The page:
Did I mention that our garage is completely packed with boxes and plastic bins?  Over five feet tall, completely filled to the door, a two car garage full of our stuff.  The sight makes me feel so materialistic, and overwhelmed with the prospect of unpacking it all.

Dear Lord, I need a break.

November 27, 2010

This holiday weekend is rapidly driving me insane. A and S are constantly picking at each other, sniping, whining, wailing, and coming to me to complain about each other. I knew things were off to a bad start when I spent most of Tuesday night in the emergency room.

Tuesday morning, I called A to the table to eat breakfast. She stumbled out of bed, barely awake, and came to the table, where she sat in some sort of contorted, unstable position on her chair. I told her to sit up straight, but she didn’t move. She was wearing an oversized t-shirt and had her arms inside it because she was cold. She maintained this position even after I placed a plate of food in front of her and told her to take her arms out and eat. And then, as I worked in the kitchen, she toppled from her chair and landed on her side, on the tile floor, with a horrifyingly loud sound.

Immediately she wailed. I picked her up and held her, while her busted lip and bitten inner cheek bled out on her shirt and mine. I could see the beginnings of a horrid bruise forming on the side of her face, from her forehead down her cheek. Once she stopped crying, I gave her an ice pack and put her back to bed to rest. She missed the bus, and I thought she might need to stay home for the day, maybe go to the doctor. But she insisted that she felt better, so I took her to school, an hour late.

Apparently she had a headache much of the day at school. She didn’t mention this to anyone (even though her teacher knew what had happened that morning) until she got home. She seemed tired, so I gave her some Tylenol and told her to take a nap that afternoon, but she kept waking up and complaining about her head hurting. I called her pediatrician’s office, and they said to see if the headache went away within an hour of taking the medicine. If not, I should take her to the emergency room. After an hour, she woke up screaming and wailing about her head and neck hurting, so I loaded up the kids and went to the ER. My mom met us there and took S home with her, leaving A, baby D, and me at the packed ER, waiting to be seen.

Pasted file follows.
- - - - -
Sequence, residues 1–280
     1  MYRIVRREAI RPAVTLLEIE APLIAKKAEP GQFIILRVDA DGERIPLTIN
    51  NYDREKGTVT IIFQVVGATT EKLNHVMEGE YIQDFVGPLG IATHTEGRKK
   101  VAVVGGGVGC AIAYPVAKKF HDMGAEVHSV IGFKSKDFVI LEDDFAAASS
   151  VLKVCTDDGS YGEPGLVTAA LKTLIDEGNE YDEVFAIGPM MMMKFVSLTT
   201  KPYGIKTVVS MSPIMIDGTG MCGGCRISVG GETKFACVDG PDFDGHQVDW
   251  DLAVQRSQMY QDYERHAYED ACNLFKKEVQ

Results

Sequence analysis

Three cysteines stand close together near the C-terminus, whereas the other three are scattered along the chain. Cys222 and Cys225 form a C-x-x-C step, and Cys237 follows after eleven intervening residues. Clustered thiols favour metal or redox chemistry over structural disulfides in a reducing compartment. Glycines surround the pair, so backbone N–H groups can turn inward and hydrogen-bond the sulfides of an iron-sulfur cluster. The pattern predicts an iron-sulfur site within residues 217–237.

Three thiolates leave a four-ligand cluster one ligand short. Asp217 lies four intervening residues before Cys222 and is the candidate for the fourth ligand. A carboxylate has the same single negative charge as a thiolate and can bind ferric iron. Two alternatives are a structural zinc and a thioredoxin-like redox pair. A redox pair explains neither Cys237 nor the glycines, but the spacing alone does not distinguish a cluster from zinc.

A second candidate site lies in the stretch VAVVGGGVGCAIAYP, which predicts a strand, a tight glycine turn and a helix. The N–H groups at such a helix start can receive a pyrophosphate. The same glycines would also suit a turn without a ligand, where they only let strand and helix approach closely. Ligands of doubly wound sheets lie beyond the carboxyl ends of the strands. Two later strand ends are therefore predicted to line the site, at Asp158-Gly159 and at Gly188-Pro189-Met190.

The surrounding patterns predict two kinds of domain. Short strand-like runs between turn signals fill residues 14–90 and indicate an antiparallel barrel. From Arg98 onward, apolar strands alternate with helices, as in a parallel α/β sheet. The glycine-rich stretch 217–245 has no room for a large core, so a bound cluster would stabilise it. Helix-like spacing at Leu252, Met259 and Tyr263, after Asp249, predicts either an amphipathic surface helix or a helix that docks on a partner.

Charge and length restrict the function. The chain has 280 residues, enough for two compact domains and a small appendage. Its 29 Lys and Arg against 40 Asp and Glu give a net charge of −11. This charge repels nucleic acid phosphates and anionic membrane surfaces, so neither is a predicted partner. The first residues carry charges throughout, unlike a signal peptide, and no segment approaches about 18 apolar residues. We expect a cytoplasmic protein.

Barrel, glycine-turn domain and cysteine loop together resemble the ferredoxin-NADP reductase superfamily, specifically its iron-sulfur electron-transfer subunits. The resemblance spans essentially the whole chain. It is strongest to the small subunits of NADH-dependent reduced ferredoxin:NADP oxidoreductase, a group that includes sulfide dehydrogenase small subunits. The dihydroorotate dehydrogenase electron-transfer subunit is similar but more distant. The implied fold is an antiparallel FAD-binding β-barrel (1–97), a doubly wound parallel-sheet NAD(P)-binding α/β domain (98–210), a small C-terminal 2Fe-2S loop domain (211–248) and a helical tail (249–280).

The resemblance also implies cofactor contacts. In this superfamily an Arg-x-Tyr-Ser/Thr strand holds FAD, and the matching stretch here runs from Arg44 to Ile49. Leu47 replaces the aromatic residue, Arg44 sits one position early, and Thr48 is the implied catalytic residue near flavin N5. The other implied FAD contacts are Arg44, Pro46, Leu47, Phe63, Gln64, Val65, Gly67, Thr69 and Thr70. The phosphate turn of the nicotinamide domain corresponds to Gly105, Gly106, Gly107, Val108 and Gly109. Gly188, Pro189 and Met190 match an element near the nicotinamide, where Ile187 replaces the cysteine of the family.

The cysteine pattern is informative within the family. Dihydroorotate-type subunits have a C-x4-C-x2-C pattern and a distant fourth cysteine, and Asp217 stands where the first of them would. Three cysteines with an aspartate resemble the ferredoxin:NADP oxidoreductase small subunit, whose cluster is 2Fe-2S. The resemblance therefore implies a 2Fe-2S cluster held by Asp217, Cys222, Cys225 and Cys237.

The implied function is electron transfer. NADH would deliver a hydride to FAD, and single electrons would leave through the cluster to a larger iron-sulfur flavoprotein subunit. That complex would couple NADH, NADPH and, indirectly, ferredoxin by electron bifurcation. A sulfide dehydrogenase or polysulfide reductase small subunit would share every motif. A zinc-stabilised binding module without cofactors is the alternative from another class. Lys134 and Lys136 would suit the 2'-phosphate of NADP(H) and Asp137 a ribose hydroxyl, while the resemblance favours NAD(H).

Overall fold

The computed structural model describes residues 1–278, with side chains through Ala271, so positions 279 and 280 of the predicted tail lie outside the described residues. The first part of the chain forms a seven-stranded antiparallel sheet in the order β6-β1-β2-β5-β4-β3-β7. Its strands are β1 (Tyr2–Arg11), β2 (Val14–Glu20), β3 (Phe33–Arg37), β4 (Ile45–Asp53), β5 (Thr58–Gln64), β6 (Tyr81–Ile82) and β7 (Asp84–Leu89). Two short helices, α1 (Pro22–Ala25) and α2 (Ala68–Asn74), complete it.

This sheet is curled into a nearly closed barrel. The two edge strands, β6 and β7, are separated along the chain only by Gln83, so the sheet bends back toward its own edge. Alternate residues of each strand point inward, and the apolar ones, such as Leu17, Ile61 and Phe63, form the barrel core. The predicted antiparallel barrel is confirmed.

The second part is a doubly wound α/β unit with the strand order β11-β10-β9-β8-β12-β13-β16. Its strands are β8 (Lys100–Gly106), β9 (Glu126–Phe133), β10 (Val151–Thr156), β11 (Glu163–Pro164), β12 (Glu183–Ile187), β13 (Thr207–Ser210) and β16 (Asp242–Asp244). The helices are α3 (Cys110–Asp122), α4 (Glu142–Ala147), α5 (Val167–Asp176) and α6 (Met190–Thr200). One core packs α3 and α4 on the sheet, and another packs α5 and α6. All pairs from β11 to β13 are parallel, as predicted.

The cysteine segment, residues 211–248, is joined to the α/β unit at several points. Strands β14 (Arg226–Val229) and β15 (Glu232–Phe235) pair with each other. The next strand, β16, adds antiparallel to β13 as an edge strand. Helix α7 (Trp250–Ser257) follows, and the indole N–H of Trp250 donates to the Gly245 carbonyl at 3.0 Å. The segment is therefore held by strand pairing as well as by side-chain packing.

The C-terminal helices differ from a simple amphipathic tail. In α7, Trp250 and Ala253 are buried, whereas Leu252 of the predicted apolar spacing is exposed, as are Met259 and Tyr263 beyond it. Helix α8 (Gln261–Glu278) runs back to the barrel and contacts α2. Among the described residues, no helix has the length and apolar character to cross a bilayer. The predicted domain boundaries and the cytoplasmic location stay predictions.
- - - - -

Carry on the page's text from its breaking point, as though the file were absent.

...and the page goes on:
After three hours, a doctor finally examined her. By then, A announced that her headache was mostly gone, and that she felt a lot better. The doctor said she didn’t need a cat scan, since that would mean a lot of radiation exposure and since A never lost consciousness or threw up. So we were sent on our way, with instructions to watch A for anything troubling.

By this time, it was nearly 10 pm. A hadn’t eaten dinner (nor had I), and she requested Steak ‘n’ Shake, so I went to the drive thru. As I got the food, she complained that her neck hurt. I looked at her, and then, as we pulled away from the window, she barfed. On my coat, sort-of fortunately. Have I mentioned that I had a wreck a couple of weeks ago, so we have a rental car? I got her out of the car to barf more on the lovely grassy area beside the drive thru lane. She finally said she felt better, and mentioned that the kid who sat next to her at school today had barfed. Lovely.

Not knowing whether to attribute the barf to germs or head injury, I took A and her baby brother home. S spent the night with my parents (prompting some jealousy from A, who insisted that she felt much, much better after throwing up). I put her to bed and stuck her untouched food in the fridge (said food would later become fodder for one of many fights between A and S). I checked on her regularly through the night, and she seems fine now.

The next morning, my dad came to get A and take her to join S. The two of them spent the day and night with my parents, while baby D rolled on the floor and I worked like a dog (not my dogs, mind you – they’re all lazy bums). The woman who cleans my mom’s house occasionally came by and helped me with packing and cleaning. We made so much progress, and she is such a lifesaver. I can’t do this packing alone – I’ve been trying for weeks with almost nothing to show for it. She’ll be back next week on two days.